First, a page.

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9.13.16: The First Women to Win a Pulitzer, Reversing the Camera, & Confronting Conspiracy Theorists

John Debay via Flickr CC

Julia Ward Howe is famous for writing the civil war song, “Battle Hymn of the Republic” - but did you know her life was the subject of the first Pulitzer Prize winning biography, back in 1917? We’re learning about the unlikely sisters who took home the first Pulitzer prize 100 years ago.

Plus, you've seen one photo of the pyramids at Giza, or the Eiffel Tower, and you've just about seen them all.  We'll talk to an artist who photographs the most documented tourist destinations in the world - by not taking photos of them.  

Listen to the full show. 

The First Women to Win a Pulitzer

Julia Ward Howe was an incredibly accomplished woman - a suffragette, writer, and activist - and if you're interested in learning more about her, we suggest an extensive biography about her that was written by her two daughters - who coincidentally, were the first authors to win the Pulitzer Prize for Biography, way back in 1917. 

As this prestigious award prepares to celebrate its 100th birthday, we thought this is one story worth digging out of the history bin and back into the spotlight. Meg Heckman is a lecturer teaching journalism at the University of New Hampshire, and she wrote about the unlikely sisters who became the first winners of the Pulitzer for Pulitzer.org. 

The First Women to Win a Pultizer

Turning the Camera Around

Once you've seen one splashy, badly-lit photo of the Eiffel Tower, the Tower of London, the Great Wall of China - well, you've pretty much seen them all.  Photographer Oliver Curtis takes a different approach when capturing the world's most frequently captured places - he turns around and ignores them. These photos are being collected for a book called "Volte-Face."

Turning the Camera Around

Kodak Camera

Artists like Oliver Curtis owe a lot to the early pioneers of photography - those who struggled with heavy plates and messy chemicals, and eventually lead the way forward to the fancy digital cameras that now appear on every modern cellphone. William S. Hammack is the producer behind a series called “Stories of Technology.” He has the tale of one camera that changed the landscape of American home photography.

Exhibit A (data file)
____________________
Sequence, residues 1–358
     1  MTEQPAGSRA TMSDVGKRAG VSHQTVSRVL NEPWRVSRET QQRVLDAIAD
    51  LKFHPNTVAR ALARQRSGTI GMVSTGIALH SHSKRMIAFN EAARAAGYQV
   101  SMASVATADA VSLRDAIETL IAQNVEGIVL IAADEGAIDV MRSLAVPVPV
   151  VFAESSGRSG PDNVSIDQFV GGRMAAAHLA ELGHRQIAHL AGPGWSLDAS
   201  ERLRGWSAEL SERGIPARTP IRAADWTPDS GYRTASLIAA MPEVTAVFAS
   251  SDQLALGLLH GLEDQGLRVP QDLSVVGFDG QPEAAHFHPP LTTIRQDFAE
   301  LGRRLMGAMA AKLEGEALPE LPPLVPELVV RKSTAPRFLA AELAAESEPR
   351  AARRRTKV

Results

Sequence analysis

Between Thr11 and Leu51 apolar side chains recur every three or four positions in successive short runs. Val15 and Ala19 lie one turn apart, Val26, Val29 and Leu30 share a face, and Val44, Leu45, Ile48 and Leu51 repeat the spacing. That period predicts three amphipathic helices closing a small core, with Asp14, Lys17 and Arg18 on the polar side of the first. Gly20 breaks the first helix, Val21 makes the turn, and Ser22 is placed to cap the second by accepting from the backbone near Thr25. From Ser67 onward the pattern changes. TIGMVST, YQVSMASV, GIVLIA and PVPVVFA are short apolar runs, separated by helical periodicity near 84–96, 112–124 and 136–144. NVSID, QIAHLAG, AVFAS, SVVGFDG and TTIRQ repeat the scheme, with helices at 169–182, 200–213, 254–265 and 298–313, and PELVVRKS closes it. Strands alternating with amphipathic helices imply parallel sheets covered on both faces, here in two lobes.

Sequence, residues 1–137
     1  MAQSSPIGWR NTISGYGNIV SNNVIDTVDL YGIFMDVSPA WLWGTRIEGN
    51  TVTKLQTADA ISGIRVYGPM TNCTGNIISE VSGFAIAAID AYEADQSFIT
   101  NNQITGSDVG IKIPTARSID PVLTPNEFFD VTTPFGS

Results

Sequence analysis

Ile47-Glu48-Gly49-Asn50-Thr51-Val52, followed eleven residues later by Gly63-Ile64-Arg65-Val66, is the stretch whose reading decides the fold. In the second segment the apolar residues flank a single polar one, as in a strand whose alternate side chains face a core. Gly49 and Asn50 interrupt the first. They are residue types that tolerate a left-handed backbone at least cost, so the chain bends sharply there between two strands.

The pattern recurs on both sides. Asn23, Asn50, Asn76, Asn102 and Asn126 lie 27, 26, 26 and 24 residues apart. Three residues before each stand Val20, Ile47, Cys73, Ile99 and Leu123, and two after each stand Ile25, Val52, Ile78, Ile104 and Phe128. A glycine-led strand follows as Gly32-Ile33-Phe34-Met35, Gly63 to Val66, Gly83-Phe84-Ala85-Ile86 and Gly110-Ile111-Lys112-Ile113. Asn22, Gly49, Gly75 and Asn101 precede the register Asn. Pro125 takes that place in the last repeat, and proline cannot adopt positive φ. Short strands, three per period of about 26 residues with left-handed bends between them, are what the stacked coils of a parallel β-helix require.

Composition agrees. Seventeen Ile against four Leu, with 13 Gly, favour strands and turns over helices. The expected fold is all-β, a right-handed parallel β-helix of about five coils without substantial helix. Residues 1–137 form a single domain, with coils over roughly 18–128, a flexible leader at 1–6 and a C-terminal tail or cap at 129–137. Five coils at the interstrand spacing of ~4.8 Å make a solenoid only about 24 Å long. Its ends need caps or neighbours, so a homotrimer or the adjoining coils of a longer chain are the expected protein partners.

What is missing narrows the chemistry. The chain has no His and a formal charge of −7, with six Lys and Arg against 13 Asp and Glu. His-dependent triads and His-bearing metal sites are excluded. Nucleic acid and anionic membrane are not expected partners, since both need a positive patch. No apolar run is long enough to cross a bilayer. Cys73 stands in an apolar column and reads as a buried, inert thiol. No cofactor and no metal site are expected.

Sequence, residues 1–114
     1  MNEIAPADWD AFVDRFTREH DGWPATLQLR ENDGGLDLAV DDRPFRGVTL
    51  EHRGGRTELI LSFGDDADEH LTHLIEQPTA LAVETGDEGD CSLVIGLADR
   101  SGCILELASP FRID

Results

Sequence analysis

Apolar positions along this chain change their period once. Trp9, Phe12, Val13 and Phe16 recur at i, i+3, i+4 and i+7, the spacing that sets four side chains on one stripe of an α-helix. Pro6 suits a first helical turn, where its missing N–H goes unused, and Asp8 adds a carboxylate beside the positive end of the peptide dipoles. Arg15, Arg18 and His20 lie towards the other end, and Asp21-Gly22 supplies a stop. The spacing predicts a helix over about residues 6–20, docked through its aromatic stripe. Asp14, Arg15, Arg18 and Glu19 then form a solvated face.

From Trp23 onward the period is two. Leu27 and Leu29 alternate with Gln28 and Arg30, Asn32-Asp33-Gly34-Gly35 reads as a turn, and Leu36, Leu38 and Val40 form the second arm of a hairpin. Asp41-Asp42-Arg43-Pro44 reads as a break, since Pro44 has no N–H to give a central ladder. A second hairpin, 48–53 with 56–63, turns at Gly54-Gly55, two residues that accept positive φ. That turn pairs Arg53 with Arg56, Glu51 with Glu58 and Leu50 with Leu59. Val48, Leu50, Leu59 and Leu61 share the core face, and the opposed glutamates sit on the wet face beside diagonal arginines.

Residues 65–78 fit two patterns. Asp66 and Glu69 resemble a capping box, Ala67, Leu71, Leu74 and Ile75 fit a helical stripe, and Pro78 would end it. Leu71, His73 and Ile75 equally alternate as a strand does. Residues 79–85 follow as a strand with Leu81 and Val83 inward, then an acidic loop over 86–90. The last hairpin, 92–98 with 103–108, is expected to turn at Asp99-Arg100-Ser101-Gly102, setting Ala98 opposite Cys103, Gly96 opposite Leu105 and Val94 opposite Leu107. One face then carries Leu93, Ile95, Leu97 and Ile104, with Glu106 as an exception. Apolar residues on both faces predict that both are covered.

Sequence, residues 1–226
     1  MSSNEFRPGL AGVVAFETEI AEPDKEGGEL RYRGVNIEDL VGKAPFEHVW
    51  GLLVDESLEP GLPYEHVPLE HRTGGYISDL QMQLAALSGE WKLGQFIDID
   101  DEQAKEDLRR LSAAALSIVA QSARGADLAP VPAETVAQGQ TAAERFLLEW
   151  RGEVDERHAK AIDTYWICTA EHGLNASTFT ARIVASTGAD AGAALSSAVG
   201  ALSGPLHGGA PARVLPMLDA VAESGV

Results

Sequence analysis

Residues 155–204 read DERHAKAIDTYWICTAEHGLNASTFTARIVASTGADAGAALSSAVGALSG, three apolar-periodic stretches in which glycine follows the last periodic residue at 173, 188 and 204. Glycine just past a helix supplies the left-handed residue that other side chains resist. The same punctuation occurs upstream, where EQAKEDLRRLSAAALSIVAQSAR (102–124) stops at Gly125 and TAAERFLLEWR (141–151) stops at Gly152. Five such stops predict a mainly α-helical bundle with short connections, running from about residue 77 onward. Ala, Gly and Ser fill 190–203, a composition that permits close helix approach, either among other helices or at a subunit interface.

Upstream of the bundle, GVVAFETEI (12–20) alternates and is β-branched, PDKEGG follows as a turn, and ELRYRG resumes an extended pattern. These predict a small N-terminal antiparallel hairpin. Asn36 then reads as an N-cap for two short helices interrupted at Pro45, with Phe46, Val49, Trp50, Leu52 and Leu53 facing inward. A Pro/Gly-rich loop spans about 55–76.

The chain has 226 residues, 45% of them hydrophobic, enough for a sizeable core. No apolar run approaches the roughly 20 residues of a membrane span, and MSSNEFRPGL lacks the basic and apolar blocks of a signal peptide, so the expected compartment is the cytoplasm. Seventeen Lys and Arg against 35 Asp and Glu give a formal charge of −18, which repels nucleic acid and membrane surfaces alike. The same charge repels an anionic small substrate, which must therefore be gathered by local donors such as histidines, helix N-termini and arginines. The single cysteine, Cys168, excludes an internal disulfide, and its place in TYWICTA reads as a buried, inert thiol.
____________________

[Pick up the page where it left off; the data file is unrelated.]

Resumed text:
You can listen to this story again at PRX.org

The Fog Harvester

Some have argued that fresh water - not oil - will be the focus of the world’s next big resource crisis.  One man in California, a state that’s facing its own water crisis right now, is looking to the clouds for an answer.  Literally.  Leila Day brought us the story.

You can listen to this story again at PRX.org.

Confronting Conspiracy Theorists

Alex Jones’ radio show and website “Infowars” are practically an all you can eat buffet of conspiracy theories - top news right now includes the massive alleged cover-up of Hillary Clinton's fainting spell, some fifteen year anniversary articles by 9/11 truthers, and something about Tim Kaine's radical Soviet roots.

For a time, these were the types of stories that fascinated Lenny Pozner  - until his son Noah was killed during the Sandy Hook shootings in December of 2012.  Not long after, conspiracy theorists accused the government of manufacturing the tragedy in order to support gun-control - claiming that grieving family members like Lenny and his wife were actually actors paid to play the part of victims. While most victims chose to ignore these conspiracies - Pozner has made fighting them his personal mission.

Reeves Wiedeman profiled Lenny Pozner for New York magazine.

Confronting Conspiracy Theorists

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